In this Book

Incontinence of the Void
summary

If the most interesting theoretical interventions emerge today from the interspaces between fields, then the foremost interspaceman is Slavoj Žižek. In Incontinence of the Void (the title is inspired by a sentence in Samuel Beckett's late masterpiece Ill Seen Ill Said), Žižek explores the empty spaces between philosophy, psychoanalysis, and the critique of political economy. He proceeds from the universal dimension of philosophy to the particular dimension of sexuality to the singular dimension of the critique of political economy. The passage from one dimension to another is immanent: the ontological void is accessible only through the impasses of sexuation and the ongoing prospect of the abolition of sexuality, which is itself opened up by the technoscientific progress of global capitalism, in turn leading to the critique of political economy.

Responding to his colleague and fellow Short Circuits author Alenka Zupancic's What Is Sex?, Žižek examines the notion of an excessive element in ontology that gives body to radical negativity, which becomes the antagonism of sexual difference. From the economico-philosophical perspective, Žižek extrapolates from ontological excess to Marxian surplus value to Lacan's surplus enjoyment. In true Žižekian fashion, Incontinence of the Void focuses on eternal topics while detouring freely into contemporary issuesfrom the Internet of Things to Danish TV series.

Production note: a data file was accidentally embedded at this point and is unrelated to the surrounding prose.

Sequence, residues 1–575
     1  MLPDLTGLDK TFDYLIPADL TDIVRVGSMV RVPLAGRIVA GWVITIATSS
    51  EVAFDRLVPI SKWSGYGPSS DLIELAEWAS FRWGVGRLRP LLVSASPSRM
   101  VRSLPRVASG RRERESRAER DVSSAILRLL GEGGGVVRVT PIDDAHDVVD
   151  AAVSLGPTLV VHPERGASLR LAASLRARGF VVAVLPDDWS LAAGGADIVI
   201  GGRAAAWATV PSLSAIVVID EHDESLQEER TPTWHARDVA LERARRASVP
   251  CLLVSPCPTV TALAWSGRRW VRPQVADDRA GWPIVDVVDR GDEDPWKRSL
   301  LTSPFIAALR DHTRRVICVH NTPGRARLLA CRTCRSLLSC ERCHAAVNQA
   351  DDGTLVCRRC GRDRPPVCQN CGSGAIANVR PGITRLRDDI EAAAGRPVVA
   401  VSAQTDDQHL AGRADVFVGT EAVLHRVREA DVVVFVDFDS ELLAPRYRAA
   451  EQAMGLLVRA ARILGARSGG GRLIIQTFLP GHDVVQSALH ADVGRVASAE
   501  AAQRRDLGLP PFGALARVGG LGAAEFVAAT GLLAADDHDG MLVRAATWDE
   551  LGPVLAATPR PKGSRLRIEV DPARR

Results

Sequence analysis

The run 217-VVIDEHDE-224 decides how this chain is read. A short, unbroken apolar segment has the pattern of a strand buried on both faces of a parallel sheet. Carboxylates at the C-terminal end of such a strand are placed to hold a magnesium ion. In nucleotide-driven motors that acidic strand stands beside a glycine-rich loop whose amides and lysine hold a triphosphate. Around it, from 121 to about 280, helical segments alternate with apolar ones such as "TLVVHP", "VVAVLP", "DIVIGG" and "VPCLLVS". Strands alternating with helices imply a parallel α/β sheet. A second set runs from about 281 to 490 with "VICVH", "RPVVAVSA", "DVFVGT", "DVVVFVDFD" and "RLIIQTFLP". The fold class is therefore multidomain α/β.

Table of Contents

  1. Cover
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  1. Title Page, Copyright
  2. pp. i-iv
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  1. Contents
  2. pp. v-viii
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  1. Series Foreword
  2. Slavoj Žižek
  3. pp. ix-x
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  1. Introduction: The Use of Useless Spandrels
  2. pp. xi-xii
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  1. Part I SOS: Sexuality, Ontology, Subjectivity
  2. pp. 1-10
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  1. Chapter 1 The Barred One
  2. pp. 11-50
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  1. Chapter 2 Antinomies of Pure Sexuation
  2. pp. 51-86
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  1. Chapter 3 Toward a Unified Theory of Four Discourses and Sexual Difference
  2. pp. 87-110
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  1. Chapter 4 Transreal, Transhuman, Transgender
  2. pp. 111-148
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  1. Part II The Belated Actuality of Marx’s Critique of Political Economy
  2. pp. 149-150
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  1. Chapter 5 The Varieties of Surplus
  2. pp. 151-174
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  1. Chapter 6 In der Tat: The Actuality of Fantasy
  2. pp. 175-196
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  1. Chapter 7 Capitalist Discourses
  2. pp. 197-224
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  1. Chapter 8 The Politics of Alienation and Separation
  2. pp. 225-254
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  1. Chapter 9 Appendix: Death, Life, and Jealousy in Communism
  2. pp. 255-286
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  1. Notes
  2. pp. 287-306
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  1. Index
  2. pp. 307-309
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